28 April 2016
by David Wroe

Submarine deal: Christopher Pyne wrongly claims Defence made call on all-Australian build

Building all 12 boats in Adelaide shores up the government's political prospects in Christopher Pyne's home state of South Australia.

Industry Minister Christopher Pyne has wrongly claimed that the decision to build all 12 new submarines in Adelaide – which is expected to save Coalition seats in South Australia – was based on a recommendation from the Defence Department.

Defence recommended that either an all-Australian build or a so-called "hybrid build" in which the first boat or two is constructed in France, would be acceptable.

The all-Australian build goes against the preference of the French company that has been selected as the partner on the $50 billion project. DCNS has said it would be quicker to construct the first boat or two in France before shifting operations to Australia.

It is understood this "hybrid" approach would also be cheaper than an entirely local build, though only marginally.

Building all 12 boats in Adelaide fulfils the Coalition's election pledge and also shores up the government's previously shaky political prospects in Mr Pyne's home state of South Australia, including his own imperiled seat.

Asked on ABC radio on Wednesday morning why the government had ignored the advice of DCNS that a hybrid build would be more efficient, Mr Pyne said the decision was based on a "clear" recommendation from the Defence Department.

"I'm a member of the national security committee and we received a recommendation from Defence which was very clear, and that was that the French bid was superior and that an all-Australian build with Australian steel, Australian jobs and Australian subs was a recommendation from the Department of Defence and that's the one that we took," he said.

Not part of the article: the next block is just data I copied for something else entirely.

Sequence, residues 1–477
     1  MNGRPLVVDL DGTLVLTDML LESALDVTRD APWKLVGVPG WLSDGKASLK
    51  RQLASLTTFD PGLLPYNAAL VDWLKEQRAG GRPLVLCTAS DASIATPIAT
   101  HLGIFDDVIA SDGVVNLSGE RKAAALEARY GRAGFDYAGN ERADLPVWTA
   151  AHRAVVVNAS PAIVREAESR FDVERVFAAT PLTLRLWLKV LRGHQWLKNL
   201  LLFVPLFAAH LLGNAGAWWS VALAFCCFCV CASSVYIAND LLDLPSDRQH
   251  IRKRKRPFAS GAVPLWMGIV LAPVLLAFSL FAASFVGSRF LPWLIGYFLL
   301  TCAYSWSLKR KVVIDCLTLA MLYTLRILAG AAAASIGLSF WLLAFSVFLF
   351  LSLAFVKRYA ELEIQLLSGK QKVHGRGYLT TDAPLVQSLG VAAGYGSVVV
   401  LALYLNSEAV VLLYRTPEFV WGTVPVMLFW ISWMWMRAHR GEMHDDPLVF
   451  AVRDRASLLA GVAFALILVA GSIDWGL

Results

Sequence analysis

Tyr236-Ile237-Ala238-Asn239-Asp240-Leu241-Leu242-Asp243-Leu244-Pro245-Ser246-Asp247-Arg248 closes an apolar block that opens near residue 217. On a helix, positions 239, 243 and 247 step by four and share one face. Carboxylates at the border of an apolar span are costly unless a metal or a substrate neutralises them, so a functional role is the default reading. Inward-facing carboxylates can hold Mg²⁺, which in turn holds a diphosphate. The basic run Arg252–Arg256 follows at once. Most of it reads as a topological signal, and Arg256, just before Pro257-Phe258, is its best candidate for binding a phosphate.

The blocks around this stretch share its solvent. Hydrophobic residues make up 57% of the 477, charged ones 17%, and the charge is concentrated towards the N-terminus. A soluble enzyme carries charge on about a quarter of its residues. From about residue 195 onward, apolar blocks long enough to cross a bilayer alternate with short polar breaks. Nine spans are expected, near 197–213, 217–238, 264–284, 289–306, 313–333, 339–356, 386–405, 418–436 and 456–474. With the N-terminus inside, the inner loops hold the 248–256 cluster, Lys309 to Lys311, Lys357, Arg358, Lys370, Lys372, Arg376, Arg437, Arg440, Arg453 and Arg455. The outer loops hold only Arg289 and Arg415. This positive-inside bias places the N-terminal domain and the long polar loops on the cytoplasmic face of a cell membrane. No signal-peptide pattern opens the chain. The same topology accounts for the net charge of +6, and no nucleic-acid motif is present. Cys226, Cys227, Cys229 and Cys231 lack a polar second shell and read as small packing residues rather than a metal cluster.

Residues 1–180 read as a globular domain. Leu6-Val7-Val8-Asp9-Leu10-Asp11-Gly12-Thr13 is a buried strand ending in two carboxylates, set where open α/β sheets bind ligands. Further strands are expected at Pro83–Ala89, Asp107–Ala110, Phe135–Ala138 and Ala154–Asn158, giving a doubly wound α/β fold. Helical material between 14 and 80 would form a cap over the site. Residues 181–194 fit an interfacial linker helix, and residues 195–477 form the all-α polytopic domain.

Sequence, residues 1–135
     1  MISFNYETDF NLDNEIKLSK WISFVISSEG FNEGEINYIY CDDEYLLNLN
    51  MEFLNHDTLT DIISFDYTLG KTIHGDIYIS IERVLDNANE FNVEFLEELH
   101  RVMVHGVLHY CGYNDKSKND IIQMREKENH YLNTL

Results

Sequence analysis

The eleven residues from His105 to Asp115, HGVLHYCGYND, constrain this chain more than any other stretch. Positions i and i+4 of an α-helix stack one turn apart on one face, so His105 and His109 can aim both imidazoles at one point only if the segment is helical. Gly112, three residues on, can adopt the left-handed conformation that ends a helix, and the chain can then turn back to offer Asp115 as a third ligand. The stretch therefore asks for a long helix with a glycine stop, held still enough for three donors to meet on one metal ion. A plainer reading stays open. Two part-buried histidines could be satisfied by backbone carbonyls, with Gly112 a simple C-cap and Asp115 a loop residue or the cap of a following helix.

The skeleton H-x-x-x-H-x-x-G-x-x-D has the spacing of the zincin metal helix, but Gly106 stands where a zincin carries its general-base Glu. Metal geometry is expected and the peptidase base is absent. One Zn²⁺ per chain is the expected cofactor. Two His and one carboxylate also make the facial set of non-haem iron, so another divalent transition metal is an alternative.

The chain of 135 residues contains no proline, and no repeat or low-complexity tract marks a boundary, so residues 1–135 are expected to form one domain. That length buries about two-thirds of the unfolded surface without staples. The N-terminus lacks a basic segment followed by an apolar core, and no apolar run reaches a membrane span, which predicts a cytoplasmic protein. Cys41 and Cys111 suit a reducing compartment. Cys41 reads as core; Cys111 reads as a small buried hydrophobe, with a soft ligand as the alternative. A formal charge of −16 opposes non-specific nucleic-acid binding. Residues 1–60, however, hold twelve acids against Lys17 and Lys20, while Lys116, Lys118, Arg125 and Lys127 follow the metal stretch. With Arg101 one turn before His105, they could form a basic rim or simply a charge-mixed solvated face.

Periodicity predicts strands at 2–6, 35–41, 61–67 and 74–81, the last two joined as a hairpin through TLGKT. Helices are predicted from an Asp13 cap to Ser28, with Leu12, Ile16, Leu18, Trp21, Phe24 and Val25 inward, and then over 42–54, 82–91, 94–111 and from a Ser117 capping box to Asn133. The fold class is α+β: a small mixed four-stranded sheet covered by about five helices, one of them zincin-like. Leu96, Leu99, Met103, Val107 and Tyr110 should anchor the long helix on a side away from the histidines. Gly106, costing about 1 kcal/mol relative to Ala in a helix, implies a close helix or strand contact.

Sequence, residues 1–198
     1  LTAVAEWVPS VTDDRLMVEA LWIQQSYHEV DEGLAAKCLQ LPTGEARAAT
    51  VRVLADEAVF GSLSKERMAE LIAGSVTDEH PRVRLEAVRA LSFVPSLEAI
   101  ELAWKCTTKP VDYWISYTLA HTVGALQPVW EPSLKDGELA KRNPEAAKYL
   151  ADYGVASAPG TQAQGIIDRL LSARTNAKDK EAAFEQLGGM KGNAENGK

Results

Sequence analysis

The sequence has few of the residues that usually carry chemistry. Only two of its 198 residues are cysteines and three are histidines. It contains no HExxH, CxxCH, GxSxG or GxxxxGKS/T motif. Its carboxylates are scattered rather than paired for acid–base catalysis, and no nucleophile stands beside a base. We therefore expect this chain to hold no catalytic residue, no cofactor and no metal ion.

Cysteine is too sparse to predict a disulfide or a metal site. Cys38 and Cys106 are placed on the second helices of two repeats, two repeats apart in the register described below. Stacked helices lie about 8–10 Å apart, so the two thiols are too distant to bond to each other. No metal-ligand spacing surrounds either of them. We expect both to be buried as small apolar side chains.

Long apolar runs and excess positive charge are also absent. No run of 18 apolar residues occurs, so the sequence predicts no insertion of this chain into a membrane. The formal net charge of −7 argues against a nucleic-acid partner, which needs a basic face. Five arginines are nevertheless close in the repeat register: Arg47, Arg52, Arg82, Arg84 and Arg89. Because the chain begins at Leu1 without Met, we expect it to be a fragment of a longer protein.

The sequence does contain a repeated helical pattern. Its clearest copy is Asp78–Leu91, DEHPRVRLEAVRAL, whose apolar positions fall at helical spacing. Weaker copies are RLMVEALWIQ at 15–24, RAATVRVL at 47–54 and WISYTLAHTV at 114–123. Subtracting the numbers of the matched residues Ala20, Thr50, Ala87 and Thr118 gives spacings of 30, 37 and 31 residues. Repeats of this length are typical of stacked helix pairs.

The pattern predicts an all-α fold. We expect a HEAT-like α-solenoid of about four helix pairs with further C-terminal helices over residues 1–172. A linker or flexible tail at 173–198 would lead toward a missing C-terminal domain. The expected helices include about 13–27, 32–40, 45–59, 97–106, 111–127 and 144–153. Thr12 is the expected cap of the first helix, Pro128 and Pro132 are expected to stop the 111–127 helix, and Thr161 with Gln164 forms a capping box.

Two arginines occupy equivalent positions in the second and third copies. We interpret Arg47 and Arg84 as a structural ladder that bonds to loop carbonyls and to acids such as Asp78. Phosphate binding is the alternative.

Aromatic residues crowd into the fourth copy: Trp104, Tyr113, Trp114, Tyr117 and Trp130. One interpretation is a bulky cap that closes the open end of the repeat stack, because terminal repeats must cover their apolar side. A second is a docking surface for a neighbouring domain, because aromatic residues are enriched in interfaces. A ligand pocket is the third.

"It was a very clear recommendation from Defence and we've followed that recommendation."
The all-Australian build for the submarines goes against the preference of DCNS.

Defence said both the all-Australian build and the hybrid option would be acceptable.

Mr Pyne's office later declined to stand by the remarks and referred questions to Defence Minister Marise Payne's office.

Mr Pyne is not a regular member of the cabinet's national security committee but rather, as with all cabinet ministers, attends the committee's meetings when issues within his portfolio are being discussed, as is the case with submarines and industry.

As part of the "competitive evaluation process", the bidders from France, Japan and Germany were each asked to submit proposals on building the submarines in Australia, their home countries or a hybrid of both.

The Defence Department assessed these proposals as well as which country had the strongest overall bid.

France was the standout winner in terms of the technical strength of its proposed Shortfin Barracuda boat. But Australian Strategic Policy Institute senior analyst Andrew Davies said he would be surprised if Defence had categorically advised against a hybrid build.

"Given the obvious advantages that could accrue from a hybrid option, and the international precedents for that approach, it would be surprising if Defence would write it off as an option," he said.